05 Oct. Wednesday of the 27th Week
Jonah 4:1ff. Jonah complains and wants to die, enraged that the compassionate God has spared Nineveh.
Luke 11:1ff. The Lucan version of the Our Father stresses daily needs and daily temptation.
Who Can Be Saved?
If the Kingdom of God is to extend throughout the universe, the qualities of faith, patience, and trust in God must be stressed. But externals are also necessary, to manifest this inner life. Where there is no breath nor pulse, a person is assumed to be dead. Today’s Scripture reflects this healthy balance between principles and their application, just as yesterday’s linked the examples of contemplative Mary and activist Martha.
We have already noted the paradoxes in the Book of Jonah. The prophet who claimed to worship the Lord “who made the sea and the dry land” seeks to flee from the Lord” by taking a long sea voyage. Today’s paradox is even more poignant. Jonah knew his Torah very well and would know that God is “merciful and gracious, slow to anger and rich in kindness” (Exod 34:7). So Jonah feared to preach in the name of such a God, who would have compassion on Jonah’s enemies, the people of Nineveh. The book now centres on the object of God’s compassion. Jonah is willing to bypass the Ninevites, but he becomes angry when God fails to save the gourd plant. The selfish prophet thinks God must show compassion on this little tree, that shades Jonah from the fierce sun and burning east wind. God’s reply blends a good lesson with whimsical concern: You are concerned for the plant… Should I not be concerned for Nineveh, with all its inhabitants?
In Galatians(*2), Paul states the origin and validity of his message that gentiles are “coheirs” with Jesus in the promises of Abraham. This was no revolt for, prompted by a revelation he laid out for the scrutiny of the original band of apostles and disciples the gospel he preached to the gentiles. It is summarized in a famous statement, to be read later this week (Saturday): Jew or Greek, slave or free, male or female, all are one in Christ Jesus (Gal 3:28).
While the Torah retained its value as a guideline (Rom 15:4), nonetheless gentiles were redeemed immediately by faith in Jesus. Circumcision and dietary laws were no longer obligatory. Paul was so convinced of this new freedom in Christ Jesus, that when Peter came to Antioch and would not sit to eat a meal with gentiles, Paul blamed him, “for he was clearly in the wrong.”
In order to harmonize the principles of God’s Kingdom with daily life, freedom in Christ Jesus with the demands of the apostolate, we need patience with people’s difficulties and long-standing habits. Life is not concentrated on the single moment of death or of Christ’s second coming, but is to be embraced in its own rhythms, day by day. Luke, therefore, adapted the Our Father, so as no longer to refer to a single, crucial moment as in Matthew 6:9-13 but to the extended and continuous practice of the faith.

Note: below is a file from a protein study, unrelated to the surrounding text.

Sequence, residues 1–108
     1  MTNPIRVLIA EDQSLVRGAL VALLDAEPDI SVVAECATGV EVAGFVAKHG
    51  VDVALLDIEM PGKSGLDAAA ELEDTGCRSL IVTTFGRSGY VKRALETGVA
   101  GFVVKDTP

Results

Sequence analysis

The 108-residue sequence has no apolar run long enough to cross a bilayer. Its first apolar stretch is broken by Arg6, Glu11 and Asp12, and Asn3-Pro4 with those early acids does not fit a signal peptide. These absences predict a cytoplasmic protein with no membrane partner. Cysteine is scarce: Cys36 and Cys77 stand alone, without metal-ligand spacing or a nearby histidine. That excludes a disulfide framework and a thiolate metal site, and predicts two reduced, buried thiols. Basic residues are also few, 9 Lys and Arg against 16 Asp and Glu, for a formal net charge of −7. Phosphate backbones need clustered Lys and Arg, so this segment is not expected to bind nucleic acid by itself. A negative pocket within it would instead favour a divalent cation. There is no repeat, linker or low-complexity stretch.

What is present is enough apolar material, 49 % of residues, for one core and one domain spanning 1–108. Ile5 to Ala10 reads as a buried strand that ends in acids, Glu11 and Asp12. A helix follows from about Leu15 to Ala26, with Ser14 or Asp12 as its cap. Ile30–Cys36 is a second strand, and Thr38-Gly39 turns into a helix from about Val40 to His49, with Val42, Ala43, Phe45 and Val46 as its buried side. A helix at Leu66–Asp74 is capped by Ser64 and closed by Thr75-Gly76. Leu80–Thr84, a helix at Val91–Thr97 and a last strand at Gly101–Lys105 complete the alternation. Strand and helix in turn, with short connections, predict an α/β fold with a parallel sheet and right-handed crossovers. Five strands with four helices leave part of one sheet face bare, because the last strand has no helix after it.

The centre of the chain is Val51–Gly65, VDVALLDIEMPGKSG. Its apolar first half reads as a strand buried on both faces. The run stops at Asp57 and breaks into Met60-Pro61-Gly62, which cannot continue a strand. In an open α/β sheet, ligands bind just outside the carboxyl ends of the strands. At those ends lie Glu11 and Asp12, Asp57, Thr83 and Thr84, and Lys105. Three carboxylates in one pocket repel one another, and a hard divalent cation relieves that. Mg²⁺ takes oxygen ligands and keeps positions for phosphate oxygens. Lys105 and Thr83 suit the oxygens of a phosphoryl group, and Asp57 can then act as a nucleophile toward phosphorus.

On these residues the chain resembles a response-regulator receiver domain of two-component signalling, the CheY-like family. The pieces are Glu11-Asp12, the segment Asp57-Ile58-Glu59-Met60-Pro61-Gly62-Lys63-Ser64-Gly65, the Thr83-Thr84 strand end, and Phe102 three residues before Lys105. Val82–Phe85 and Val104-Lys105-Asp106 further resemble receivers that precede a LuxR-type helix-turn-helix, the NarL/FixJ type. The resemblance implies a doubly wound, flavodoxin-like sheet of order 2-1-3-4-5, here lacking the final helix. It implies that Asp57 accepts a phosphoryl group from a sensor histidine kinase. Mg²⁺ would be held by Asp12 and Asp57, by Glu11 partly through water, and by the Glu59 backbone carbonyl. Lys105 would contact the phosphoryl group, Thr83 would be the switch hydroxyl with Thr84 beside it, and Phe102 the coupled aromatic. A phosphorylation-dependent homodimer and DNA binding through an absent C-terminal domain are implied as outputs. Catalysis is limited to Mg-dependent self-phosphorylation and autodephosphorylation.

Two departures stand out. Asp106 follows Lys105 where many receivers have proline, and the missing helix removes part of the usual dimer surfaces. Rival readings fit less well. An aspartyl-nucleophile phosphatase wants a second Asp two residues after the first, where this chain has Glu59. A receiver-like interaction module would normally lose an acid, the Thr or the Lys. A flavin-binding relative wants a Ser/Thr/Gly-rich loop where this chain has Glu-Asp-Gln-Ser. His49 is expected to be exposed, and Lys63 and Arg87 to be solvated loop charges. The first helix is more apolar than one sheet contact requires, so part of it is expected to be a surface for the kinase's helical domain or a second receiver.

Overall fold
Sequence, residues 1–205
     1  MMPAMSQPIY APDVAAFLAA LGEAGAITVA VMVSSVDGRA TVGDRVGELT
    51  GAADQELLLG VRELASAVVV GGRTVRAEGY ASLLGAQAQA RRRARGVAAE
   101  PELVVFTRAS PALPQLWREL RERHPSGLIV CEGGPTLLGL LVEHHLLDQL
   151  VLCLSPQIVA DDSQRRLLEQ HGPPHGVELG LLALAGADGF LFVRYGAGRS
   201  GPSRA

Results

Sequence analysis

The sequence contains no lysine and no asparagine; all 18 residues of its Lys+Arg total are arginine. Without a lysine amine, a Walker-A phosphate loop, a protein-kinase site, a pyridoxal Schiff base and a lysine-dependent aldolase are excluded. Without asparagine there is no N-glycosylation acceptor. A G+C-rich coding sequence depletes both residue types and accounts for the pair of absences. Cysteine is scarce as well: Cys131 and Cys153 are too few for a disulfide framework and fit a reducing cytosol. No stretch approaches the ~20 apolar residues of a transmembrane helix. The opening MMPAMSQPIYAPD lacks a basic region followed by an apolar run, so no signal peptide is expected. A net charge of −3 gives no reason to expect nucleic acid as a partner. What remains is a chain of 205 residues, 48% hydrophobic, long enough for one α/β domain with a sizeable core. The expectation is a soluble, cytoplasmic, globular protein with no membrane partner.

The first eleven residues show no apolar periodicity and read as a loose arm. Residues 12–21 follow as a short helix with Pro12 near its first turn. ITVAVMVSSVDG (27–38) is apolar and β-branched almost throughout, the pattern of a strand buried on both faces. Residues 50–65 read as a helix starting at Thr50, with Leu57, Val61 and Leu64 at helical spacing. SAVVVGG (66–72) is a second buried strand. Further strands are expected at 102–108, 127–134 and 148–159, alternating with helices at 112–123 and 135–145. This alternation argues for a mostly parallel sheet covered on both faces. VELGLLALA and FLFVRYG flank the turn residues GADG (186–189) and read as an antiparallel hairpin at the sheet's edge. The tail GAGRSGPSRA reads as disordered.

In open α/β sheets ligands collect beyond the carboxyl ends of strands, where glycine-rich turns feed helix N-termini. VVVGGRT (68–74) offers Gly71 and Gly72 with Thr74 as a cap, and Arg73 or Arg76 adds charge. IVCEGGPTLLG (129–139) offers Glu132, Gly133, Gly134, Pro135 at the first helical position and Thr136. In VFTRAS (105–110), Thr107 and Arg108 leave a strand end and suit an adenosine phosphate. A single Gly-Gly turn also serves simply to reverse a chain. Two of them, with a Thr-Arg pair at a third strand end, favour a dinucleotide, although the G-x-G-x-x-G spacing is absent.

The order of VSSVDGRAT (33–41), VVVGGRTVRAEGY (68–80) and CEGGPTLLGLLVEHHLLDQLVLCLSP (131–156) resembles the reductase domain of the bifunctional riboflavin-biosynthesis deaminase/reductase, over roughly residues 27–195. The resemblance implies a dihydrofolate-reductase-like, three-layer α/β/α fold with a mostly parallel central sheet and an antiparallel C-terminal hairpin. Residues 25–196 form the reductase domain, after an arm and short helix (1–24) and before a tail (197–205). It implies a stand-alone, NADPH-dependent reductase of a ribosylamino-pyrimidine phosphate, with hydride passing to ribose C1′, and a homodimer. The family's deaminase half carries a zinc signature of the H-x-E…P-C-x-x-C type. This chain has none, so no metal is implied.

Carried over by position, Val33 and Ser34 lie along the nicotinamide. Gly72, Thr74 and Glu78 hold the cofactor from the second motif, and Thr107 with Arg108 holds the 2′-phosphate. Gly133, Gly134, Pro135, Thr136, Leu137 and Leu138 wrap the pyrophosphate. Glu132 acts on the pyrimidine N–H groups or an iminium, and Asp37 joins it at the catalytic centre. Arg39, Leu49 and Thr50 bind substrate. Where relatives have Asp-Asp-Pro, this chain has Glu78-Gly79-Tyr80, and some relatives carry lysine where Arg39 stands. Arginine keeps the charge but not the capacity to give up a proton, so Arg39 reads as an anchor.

Like Peter in today’s reading from Galatians, we too succumb to temptation and sin. Our good intentions are marred by fear and false motives. We need the strength of daily prayer and even of daily Eucharist. Luke’s Our Father quickly became the prayer before holy communion in the early church. The blend of principles with daily needs was to leave no single moment of life unaffected.
First Reading: Jo 4:1-11
But this was very displeasing to Jonah, and he became angry. He prayed to the Lord and said, “O Lord! Is not this what I said while I was still in my own country? That is why I fled to Tarshish at the beginning; for I knew that you are a gracious God and merciful, slow to anger, and abounding in steadfast love, and ready to relent from punishing. And now, O Lord, please take my life from me, for it is better for me to die than to live.” And the Lord said, “Is it right for you to be angry?”
Then Jonah went out of the city and sat down east of the city, and made a booth for himself there. He sat under it in the shade, waiting to see what would become of the city. The Lord God appointed a bush, and made it come up over Jonah, to give shade over his head, to save him from his discomfort; so Jonah was very happy about the bush. But when dawn came up the next day, God appointed a worm that attacked the bush, so that it withered. When the sun rose, God prepared a sultry east win, and the sun beat down on the head of Jonah so that he was faint and asked that he might die. He said, “It is better for me to die than to live.”
But God said to Jonah, “Is it right for you to be angry about the bush?” And he said, “Yes, angry enough to die.” Then the Lord said, “You are concerned about the bush, for which you did not labour and which you did not grow; it came into being in a night and perished in a night. And should I not be concerned about Nineveh, that great city, in which there are more than a hundred and twenty thousand persons who do not know their right hand from their left, and also many animals?”
Gospel: Luke 11:1-4
He was praying in a certain place, and after he had finished, one of his disciples said to him, “Lord, teach us to pray, as John taught his disciples.”
He said to them, “When you pray, say: Father, hallowed be your name. Your kingdom come. Give us each day our daily bread. And forgive us our sins, for we ourselves forgive everyone indebted to us. And do not bring us to the time of trial.”